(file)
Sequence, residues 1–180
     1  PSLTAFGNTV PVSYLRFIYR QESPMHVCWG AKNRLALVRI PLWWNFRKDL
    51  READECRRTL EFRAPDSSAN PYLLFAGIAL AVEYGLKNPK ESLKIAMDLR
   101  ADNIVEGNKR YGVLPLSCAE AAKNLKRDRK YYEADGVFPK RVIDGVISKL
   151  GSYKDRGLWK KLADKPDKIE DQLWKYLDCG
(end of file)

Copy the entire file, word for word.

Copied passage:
Sequence, residues 1–180
     1  PSLTAFGNTV PVSYLRFIYR QESPMHVCWG AKNRLALVRI PLWWNFRKDL
    51  READECRRTL EFRAPDSSAN PYLLFAGIAL AVEYGLKNPK ESLKIAMDLR
   101  ADNIVEGNKR YGVLPLSCAE AAKNLKRDRK YYEADGVFPK RVIDGVISKL
   151  GSYKDRGLWK KLADKPDKIE DQLWKYLDCG